Belfast woman's charity reaching out to Cambodia's 'invisible' children

West Belfast woman Arlene Gormley's dream of helping children in Cambodia turned to reality when she set up a charity. She tells Gail Bell how that dream is still alive with a new project helping young people train for the hospitality industry

Arlene Gormley from west Belfast who has made a home in Cambodia helping disadvantaged children
Gail Bell

FEEDING and educating 800 slum children each day is a daunting task, but for west Belfast woman Arlene Gormley another day is another chance to bring hope to Cambodia's desperate 'invisibles'.

Arlene, who co-founded the Feeding Dreams charity in Cambodia's tourist capital of Siem Reap, in 2012, has now written a children's book, 2030 Not a Fairytale, to help fund the life-changing work which includes a children's school and her latest project – a new vocational training centre for young people.

With expenditure running to £149,000 each year, the 32-year-old decided to help raise funds by picking up a pen and writing about a subject close to her heart.

The United Nations agenda for sustainable development is, perhaps, not the usual bedtime reading material parents might expect from a picture book but it has struck a chord.

"The aim was to introduce sustainable development goals to pre-school children through a colourful picture book with simplistic explanations," Arlene says. "The official document for the 2030 agenda is long and technical.

"Children are born into an uncertain and unequal world and parents worry about the kind of world their child grow up in. I think it’s important to make children part of the conversation from the earliest opportunity.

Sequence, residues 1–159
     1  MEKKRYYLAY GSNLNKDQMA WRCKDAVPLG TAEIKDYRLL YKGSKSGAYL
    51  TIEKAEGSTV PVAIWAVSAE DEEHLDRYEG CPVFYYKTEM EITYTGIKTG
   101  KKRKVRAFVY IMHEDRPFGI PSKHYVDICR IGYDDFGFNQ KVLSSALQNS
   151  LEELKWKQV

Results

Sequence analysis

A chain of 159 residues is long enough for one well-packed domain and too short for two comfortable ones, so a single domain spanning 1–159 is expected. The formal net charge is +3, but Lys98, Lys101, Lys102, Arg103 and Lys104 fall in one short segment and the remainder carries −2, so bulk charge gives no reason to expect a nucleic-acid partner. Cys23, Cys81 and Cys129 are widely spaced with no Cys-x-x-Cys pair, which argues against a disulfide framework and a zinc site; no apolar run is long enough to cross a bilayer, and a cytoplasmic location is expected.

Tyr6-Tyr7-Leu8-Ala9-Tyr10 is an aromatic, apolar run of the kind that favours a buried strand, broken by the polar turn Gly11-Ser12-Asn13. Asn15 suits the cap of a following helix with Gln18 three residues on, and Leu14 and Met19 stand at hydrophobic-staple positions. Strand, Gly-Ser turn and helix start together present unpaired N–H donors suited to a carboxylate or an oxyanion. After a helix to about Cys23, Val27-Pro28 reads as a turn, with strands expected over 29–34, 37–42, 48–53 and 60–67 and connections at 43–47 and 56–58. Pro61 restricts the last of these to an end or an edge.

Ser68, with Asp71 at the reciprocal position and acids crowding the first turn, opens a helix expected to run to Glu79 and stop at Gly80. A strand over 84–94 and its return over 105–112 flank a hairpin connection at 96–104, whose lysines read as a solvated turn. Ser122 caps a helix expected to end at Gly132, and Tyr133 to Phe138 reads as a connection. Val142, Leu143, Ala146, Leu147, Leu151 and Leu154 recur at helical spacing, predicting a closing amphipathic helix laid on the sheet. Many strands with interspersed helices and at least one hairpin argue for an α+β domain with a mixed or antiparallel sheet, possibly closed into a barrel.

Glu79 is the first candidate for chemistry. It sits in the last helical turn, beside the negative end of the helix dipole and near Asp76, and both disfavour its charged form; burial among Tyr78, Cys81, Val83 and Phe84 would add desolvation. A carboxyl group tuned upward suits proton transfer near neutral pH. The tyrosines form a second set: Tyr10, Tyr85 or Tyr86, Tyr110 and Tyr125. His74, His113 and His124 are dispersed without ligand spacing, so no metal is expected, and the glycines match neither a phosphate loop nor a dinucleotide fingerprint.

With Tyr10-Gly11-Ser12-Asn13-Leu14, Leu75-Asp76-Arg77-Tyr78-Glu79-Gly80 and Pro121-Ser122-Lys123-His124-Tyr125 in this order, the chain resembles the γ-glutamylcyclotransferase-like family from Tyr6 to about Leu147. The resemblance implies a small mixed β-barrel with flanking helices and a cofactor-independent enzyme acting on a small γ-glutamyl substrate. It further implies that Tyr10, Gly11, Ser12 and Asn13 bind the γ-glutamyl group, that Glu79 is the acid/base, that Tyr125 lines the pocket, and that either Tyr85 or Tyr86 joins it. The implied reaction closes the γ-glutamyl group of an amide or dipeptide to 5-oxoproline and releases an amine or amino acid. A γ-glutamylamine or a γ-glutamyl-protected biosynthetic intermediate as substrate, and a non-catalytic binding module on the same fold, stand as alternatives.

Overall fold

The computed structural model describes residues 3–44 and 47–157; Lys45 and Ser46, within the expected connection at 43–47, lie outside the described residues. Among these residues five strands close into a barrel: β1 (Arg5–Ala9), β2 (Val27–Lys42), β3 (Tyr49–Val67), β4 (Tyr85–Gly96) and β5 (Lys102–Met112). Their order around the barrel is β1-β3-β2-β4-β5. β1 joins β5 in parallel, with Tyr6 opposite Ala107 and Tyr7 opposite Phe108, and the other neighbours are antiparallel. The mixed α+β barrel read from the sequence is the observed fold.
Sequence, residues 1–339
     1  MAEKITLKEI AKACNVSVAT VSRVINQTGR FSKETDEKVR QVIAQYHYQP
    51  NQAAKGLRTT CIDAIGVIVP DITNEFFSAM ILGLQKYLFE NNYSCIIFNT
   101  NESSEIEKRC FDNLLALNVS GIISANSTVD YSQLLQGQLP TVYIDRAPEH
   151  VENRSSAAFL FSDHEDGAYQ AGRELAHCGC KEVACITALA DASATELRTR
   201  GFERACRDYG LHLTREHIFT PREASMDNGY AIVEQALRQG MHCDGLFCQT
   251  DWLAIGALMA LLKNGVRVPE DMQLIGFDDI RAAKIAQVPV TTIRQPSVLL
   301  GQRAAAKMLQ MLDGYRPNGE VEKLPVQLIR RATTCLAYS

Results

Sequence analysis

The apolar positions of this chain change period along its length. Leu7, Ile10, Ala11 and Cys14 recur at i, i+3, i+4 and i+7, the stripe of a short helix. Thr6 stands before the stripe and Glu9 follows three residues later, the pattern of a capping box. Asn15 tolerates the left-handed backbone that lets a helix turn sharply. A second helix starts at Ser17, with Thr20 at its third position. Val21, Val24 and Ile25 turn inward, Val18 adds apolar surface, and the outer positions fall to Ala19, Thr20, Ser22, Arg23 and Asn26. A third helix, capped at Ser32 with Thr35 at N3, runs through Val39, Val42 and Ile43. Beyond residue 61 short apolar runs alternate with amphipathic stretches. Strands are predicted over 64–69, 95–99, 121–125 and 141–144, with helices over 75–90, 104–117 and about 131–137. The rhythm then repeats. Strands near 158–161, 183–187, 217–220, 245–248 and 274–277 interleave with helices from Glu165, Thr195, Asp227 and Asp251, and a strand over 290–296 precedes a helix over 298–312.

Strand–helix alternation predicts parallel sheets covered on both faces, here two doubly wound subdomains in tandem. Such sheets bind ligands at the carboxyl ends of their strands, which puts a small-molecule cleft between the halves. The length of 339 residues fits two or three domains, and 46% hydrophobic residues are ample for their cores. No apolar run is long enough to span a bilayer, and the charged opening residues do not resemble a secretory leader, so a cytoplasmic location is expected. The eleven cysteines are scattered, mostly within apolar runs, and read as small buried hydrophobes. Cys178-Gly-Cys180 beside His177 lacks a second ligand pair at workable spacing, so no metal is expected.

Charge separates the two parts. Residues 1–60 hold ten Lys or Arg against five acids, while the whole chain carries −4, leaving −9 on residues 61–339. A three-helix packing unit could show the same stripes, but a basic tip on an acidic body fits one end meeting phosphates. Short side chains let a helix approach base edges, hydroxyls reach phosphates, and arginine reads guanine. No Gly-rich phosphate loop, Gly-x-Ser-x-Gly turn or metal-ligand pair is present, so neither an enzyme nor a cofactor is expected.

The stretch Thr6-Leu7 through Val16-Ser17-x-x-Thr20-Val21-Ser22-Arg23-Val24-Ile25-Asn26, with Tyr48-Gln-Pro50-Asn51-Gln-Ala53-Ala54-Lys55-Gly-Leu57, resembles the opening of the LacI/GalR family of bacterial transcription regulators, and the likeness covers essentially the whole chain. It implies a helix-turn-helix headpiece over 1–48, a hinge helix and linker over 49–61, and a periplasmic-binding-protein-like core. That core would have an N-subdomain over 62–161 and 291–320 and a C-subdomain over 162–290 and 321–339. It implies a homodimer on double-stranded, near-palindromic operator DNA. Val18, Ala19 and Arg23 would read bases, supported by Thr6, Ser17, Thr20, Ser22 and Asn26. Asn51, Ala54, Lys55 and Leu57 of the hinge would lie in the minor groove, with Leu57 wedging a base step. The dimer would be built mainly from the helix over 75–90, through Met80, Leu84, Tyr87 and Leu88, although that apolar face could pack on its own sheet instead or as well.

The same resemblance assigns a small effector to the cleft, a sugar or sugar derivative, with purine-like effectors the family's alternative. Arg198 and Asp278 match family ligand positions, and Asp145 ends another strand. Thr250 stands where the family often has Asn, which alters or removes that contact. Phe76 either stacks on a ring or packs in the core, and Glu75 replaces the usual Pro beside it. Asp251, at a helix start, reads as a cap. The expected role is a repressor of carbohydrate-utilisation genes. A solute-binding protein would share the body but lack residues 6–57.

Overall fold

"The book is being read to children in Ireland, America, the UK, Australia, Nigeria, Holland and the UK, so it is educating the next generation as well as supporting children here in Cambodia."

Arlene, who recently graduated from the Heller School in Boston with a master's degree in Sustainable International Development, is excited about the new training centre which is equipping young Cambodians to work in the country's flourishing hospitality industry.

"Siem Reap, which is a gateway to the Angkor temples, boasts around 200 hotels and 250 guest houses, with numbers increasing rapidly," she says. "We currently have 28 kids enrolled in the centre and they are really optimistic about the future.

"Our one-year course provides training in everything from housekeeping and room service to front-office management and official certification is awarded by the Cambodian Ministry of Education and Department of Tourism.

"Fewer than three per cent of Cambodians have a bank account and fewer than one per cent have health insurance, so this is an opportunity for a promising career for the most marginalised kids who couldn't afford an education and who spent their days collecting rubbish."

It is also a "huge undertaking" for the Queen's University Belfast sociology graduate who first discovered a passion for social justice while in the classroom herself.

"I grew up in Andersonstown and the Northern Ireland political conflict definitely shaped my experiences," she recalls. "I was passionate about inclusive development for youth and at university it struck me that the worries, hopes and realities for both Catholics and Protestants were similar.

"University was a great learning experience for me and it was the first time I ever spent time with people from the 'other' community."